Saturday, May 17, 2014

Billy Joel, May 17, 2014 at the Hollywood Bowl

I’d seen Billy Joel years ago and that was probably good enough for the rest of my life but in the time since I’d developed more of an appreciation of his catalog (even if it was still only off the first two greatest-hits volumes) and I wouldn’t have minded seeing him again.  Playing the Bowl was an event in itself, maybe even rivaling the show at the MGM in Vegas with Elton John where I saw him the first time.  He had said that it wasn’t going to be a greatest-hits set, and he could be forgiven for not going down that road yet again.  Heck, this was after how many times that he’d said he had retired.  So I hadn’t jumped on tickets but Carla knew I had some desire to go, and she knew we could make a great night of it, and that became my birthday present.  Not bad.  We jumped into Bowl-mode, getting a picnic dinner together and having time outside before going into the show, which was as full as we’d ever seen it.  The set turned out to have enough hits to satisfy us, more than half, and we didn’t feel like we missed anything by not knowing every single song, since those songs were still as solid as any other popular thing he’d done anyway.  This was more of a show by an artist, performing for the crowd that came to see him, rather than pandering to what he thought they wanted.  And that worked fine, since a master showman like himself knows just how much to dole out.  The high-point for me came early (and it would have been as great a shock as I’ve ever gotten at a concert if I hadn’t looked at his recent set-lists beforehand) that he played “Pressure,” a criminally-forgotten gem not only in his catalog but in the entire oeuvre of great rock music.  I never understood why no hard-rock band has ever turned around a cover of that song, especially back in the late-’90s when every nu-metal band tried to make their name on an easy ‘80s cover (and, unfortunately, some of them succeeding).  It came too early in the set, with Joel and his band not quite warm enough to bring much heat to the tune, but the fact it was included and that they made a go of it was enough for me.  The rest of the night might have been a typical evening at the Bowl but that’s nothing less than reliably extraordinary and special.  And if Joel isn’t going to actually, officially retire, maybe he has another series of shows like this still in him, maybe with some other hits, maybe with a pick-up band to tear down his catalog like it hasn’t already been done.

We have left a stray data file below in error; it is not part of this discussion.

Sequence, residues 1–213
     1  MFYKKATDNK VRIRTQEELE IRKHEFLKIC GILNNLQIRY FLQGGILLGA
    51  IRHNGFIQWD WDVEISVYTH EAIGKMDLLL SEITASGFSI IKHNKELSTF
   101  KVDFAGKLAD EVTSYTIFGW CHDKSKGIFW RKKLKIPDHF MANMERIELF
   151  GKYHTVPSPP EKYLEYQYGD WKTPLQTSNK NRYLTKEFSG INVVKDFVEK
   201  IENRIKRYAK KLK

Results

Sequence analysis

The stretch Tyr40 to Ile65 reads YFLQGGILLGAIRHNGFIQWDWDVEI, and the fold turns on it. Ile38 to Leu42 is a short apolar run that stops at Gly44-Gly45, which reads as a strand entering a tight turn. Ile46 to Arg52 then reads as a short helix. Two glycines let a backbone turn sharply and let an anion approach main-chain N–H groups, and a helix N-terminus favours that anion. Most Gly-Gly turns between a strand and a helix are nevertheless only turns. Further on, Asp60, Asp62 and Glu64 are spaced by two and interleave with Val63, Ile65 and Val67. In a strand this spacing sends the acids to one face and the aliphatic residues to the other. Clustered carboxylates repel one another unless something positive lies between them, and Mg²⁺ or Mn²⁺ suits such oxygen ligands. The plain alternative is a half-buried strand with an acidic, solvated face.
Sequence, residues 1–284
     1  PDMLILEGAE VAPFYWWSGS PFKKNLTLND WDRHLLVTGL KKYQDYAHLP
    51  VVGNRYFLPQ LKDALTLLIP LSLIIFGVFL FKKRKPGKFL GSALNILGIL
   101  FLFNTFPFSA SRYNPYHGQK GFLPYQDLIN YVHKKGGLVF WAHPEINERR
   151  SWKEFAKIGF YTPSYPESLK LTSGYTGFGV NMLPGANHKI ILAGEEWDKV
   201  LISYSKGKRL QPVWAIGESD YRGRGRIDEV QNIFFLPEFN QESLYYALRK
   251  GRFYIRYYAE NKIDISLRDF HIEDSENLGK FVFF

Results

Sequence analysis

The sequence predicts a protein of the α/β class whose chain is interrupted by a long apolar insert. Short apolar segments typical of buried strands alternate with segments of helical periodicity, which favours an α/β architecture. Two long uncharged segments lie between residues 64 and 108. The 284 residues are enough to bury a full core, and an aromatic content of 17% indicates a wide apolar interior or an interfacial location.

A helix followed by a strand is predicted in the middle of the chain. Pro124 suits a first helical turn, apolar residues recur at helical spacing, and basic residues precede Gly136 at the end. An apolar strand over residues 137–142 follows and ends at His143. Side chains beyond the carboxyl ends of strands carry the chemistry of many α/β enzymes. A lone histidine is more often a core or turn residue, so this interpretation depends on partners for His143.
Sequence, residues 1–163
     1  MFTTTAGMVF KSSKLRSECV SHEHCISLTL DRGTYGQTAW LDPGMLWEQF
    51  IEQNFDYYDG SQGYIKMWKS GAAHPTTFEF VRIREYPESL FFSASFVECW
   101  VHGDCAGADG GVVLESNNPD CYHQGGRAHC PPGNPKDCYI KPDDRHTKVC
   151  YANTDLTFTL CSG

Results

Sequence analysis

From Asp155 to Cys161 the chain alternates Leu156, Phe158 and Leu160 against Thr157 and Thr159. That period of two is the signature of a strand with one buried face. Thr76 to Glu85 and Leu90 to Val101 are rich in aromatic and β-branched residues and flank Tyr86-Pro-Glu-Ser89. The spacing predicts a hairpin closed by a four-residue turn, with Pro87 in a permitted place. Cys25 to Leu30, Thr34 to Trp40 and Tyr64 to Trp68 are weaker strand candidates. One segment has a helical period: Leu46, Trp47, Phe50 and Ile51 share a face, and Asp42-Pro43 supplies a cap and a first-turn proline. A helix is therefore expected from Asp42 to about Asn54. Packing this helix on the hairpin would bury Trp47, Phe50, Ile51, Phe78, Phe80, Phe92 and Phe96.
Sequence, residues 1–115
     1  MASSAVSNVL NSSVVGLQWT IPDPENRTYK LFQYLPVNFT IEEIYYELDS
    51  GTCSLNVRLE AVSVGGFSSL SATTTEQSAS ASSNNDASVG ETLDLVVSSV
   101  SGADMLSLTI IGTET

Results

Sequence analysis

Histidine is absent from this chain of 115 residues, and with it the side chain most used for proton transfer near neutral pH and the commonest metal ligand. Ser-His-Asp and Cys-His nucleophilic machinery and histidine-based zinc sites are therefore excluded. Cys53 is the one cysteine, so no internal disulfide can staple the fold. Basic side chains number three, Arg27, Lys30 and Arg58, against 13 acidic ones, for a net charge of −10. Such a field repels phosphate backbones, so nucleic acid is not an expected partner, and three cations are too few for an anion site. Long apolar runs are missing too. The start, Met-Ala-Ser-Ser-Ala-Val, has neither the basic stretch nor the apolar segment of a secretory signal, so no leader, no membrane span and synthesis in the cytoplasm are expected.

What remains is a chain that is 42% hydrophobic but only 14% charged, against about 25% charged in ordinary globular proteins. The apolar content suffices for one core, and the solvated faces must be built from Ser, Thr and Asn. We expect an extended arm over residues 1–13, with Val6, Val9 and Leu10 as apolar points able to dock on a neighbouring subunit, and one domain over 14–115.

Billy Joel’s set-list:
“Miami 2017 (Seen the Lights Go Out on Broadway)“
“Everybody Loves You Now“
“Vienna“ (audience chose between this and “Summer Highland Falls“)
“The Magnificent Seven Theme“ (Elmer Bernstein cover) (snippet)
“The Ballad of Billy the Kid“
“The Entertainer“
“Where's the Orchestra?“
“Say Goodbye to Hollywood“ (first time since the '80s)
“New York State of Mind“
“Sometimes a Fantasy“
“Movin' Out (Anthony's Song)“ (“Layla“ interlude)
“She's Always a Woman“
“Don't Ask Me Why“
“The River of Dreams“ (featuring part of "Surfin' USA")
“Scenes From an Italian Restaurant“
“Piano Man“

“It's Still Rock and Roll to Me“
“Big Shot“
“You May Be Right“ (with Adam Levine)
“Only the Good Die Young“